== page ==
C California Style

Sozzani as a teenager.
A still of a flower, shot by Sozzani’s father on an 8 mm camera.
Inside Sozzani’s office in Milan.
Mother and son walking along the Seine in Paris.
Sozzani laying out a Vogue Italia story shot by STEVEN MEISEL.
Still life of a flower taken by Sozzani’s father.
Carrozini and Sozzani at an event.

Lingua Franca

by C California Style

“Someone had to tell the story of this crazy Italian woman who did something exceptional,”

says Los Angeles-based photographer and director Francesco Carrozzini on the subject of his first documentary, Franca: Chaos and Creation. The “crazy Italian” in question is Franca Sozzani, editor-in-chief of Vogue Italia since 1988, one of the most powerful figures in fashion and, as it happens, the director’s mother. “It’s like someone paid for therapy for a few years of my life!” he jokes.

Even though the film, which premiered at the Venice Film Festival and is currently making its way through the festival circuit, delves into Sozzani’s extraordinary career—from creating the supermodel phenomenon of the ’90s (Naomi Campbell, Cindy Crawford, Linda Evangelista, et al.) along with her friends Gianni Versace and Steven Meisel to the controversial BP Deepwater Horizon oil spill-inspired photo shoot two years later that made headlines—it aims deeper. “For me [the documentary is] about two people and their love,” says the Emmy-nominated director, whose credits include music videos for Beyoncé, Lana Del Rey and A$AP Rocky, and who regularly shoots for L’Uomo Vogue, Rolling Stone and Vanity Fair. “Maybe I alienated some [who] just wanted another fashion film, but I gained the biggest audience—everyone who understands the relationship between mother and son.”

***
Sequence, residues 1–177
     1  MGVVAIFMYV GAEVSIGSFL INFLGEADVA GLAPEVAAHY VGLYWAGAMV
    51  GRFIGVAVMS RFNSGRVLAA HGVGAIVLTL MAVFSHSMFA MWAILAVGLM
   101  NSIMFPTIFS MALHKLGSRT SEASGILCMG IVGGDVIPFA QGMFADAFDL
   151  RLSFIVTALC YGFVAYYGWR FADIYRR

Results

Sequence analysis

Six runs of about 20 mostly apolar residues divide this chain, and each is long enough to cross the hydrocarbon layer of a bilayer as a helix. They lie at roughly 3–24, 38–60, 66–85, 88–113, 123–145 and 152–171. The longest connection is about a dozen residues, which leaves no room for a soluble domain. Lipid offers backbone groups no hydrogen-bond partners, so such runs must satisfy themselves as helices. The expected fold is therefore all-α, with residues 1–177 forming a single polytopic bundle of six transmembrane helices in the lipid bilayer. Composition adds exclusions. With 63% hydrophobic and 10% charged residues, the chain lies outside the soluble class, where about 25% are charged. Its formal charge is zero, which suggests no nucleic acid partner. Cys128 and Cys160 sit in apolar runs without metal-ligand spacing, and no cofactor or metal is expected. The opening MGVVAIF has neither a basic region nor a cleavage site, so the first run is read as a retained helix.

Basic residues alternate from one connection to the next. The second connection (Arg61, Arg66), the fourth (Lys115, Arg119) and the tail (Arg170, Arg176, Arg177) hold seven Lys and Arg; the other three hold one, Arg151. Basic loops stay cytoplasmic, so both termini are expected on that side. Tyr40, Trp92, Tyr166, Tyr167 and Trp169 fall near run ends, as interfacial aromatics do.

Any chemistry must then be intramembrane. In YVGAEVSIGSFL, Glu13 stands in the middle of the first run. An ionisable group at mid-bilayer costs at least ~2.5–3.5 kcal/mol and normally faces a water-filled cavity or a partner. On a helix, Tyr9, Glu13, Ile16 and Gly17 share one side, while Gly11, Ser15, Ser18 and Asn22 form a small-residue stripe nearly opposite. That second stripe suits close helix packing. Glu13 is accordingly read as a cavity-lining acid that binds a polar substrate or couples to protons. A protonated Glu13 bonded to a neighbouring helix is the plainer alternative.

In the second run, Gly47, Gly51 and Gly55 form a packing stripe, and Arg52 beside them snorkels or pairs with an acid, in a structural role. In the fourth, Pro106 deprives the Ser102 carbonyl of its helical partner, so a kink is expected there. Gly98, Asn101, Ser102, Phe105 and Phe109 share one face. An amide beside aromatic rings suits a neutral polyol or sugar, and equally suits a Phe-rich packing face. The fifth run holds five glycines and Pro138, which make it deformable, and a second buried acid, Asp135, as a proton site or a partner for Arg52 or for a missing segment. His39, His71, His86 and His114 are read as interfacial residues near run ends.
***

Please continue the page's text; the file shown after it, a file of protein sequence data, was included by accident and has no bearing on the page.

The stellar roll call of appearances by Valentino, Karl Lagerfeld and Donatella Versace does not disappoint, but it’s the intimate scenes between Carrozzini and Sozzani bickering in the back of a car or laughing about him as “an ugly baby” that resonate.

“When my father died I started to understand that I missed out on some things, and it took almost five years of making this film to feel comfortable with the story it was telling,” he explains. “I didn’t know anything about her early life. When I stumbled upon these 8 mm films at my grandma’s house, that’s when I understood. We all think of our parents as these perfect human beings and the truth is they are people who have stories and love and hate and make mistakes. That was the real discovery; my mother is not perfect, but she has the strength and determination and imagination of very few.”

Photography copyright FRANCA THE MOVIE LLC. 2016